I like arriving in cities in darkness. My plane touched down in Salt Lake City on Saturday evening, too late to see anything from the aeroplane window bar the anonymous smattering of lights that designate homes, roads, hotels; lights that could belong to any city in the world. In my taxi, the driver was at pains to reassure me, as we travelled the few short miles from SLC International to downtown, that I needn’t worry about the city’s conservative, Mormon background. A lot has changed round here lately, he says – it’s a modern, liberal city. (Later, I’ll discover that to cross a road in Salt Lake, you have to pluck an orange flag from a bucket on the sidewalk and charge out, waving it).
All around you, in the morning, he said, you’ll see the mountains. If I’d arrived a day later, actually, he’d have been wrong, so shrouded was the city at the start of the week with mist and snow, but on the morning after my arrival, Sunday, I sprang out of bed towards the window, and swept the heavy curtains back to see a sight that couldn’t be further removed from the gentle slope of the Sussex Downs I see from my bedroom window back in Brighton.
Salt Lake is not a big city. Like a lot of places in the US, it’s sprawling – wide and flat (but for the hotels, which rise up in the horizon, formulaic and ugly) – but it’s open and navigable, and necessarily limited in size by the mountains that surround it. It’s sat in a basin, around 4500 ft up – really high in the scheme of things and easily enough to feel more out of breath than normal after running to catch a tram – and squashed between two ranges. The Wasatch on the right hand side; a jagged run of enormous slate grey peaks, capped with snow, and the Oquirrh mountains on the left; lower, flatter, earth-brown. To see them towering over the city is really quite a sight.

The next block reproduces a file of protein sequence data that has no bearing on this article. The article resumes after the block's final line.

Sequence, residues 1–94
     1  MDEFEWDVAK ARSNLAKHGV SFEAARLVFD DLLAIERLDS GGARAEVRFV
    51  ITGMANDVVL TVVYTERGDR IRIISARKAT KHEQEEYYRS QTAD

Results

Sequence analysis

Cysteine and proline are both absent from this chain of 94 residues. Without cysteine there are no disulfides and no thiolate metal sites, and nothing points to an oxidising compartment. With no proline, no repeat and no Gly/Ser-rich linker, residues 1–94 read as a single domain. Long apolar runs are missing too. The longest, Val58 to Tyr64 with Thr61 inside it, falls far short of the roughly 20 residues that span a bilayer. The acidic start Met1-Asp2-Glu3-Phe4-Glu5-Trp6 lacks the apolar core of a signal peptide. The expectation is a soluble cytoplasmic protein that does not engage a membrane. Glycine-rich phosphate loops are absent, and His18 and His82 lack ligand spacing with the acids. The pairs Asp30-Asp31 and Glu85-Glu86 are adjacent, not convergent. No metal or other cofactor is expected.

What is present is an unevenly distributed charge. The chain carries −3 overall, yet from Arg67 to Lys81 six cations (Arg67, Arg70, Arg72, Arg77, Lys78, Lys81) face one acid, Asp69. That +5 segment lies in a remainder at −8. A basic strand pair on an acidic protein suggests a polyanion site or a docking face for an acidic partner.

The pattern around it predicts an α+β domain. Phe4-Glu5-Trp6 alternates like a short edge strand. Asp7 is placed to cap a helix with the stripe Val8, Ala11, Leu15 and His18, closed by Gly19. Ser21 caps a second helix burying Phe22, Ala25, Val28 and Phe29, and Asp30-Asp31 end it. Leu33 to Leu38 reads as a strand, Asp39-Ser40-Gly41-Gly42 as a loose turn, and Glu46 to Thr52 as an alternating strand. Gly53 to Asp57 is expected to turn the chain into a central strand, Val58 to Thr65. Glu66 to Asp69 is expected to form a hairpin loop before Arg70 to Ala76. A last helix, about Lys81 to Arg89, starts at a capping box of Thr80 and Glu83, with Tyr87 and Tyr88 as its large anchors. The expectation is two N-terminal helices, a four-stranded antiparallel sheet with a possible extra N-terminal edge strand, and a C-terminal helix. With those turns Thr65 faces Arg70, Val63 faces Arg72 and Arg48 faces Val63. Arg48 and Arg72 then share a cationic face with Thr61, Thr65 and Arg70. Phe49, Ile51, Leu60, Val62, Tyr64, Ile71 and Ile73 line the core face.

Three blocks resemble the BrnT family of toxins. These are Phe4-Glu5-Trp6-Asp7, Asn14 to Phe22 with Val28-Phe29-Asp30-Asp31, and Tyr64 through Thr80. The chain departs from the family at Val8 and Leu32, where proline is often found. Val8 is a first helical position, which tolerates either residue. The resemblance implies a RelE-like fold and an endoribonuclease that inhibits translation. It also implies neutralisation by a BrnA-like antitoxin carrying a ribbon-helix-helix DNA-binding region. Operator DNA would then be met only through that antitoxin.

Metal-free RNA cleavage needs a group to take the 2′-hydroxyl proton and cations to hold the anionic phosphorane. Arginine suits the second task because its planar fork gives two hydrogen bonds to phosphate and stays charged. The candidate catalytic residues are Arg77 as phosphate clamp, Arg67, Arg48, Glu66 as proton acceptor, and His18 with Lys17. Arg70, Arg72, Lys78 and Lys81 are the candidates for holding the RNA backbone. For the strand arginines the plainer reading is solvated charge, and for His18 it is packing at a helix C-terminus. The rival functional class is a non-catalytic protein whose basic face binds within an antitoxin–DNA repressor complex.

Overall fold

There’s nothing conventionally beautiful about the Downtown area itself. Built by the Mormons, back when they saw it as the future epicentre of what would eventually be an all-conquering faith, it’s designed on a rigid grid system radiating out from the temple, with the roads so wide they seem to occupy roughly 50% of the surface area of the city. Most of the buildings are functional rather than extravagant, with many tipping over into the straightforwardly ugly.
But it’s evocative of a kind of America with which I feel somehow familiar, despite having never been anywhere like it before. It’s simultaneously the America of the Mountain West, on the edge of the Rockies, and a kind of window into everytown America, the America of the middle. It feels resolutely typical, ordinary, lacking the bustle and pace of places in the US I’ve been before. A look at the films shot here is quite instructive – mainstream, suburban stuff like Dumb and Dumber, High School Musical, the Halloween sequels. It’s not metropolitan, urbane, well-off. But nor is it rural, down-at-heel or impoverished. It’s everyday America, and a million miles from Europe.
Perhaps if I lived here I’d find it maddening, the closed-off-ness, the scale, but as a visitor, as someone who can’t help getting excited about his travels and the weird, amazing, wonderful differences from place to place – I absolutely love it here.
Here are some shots taken downtown, just off to the right of all the ugly hotel buildings.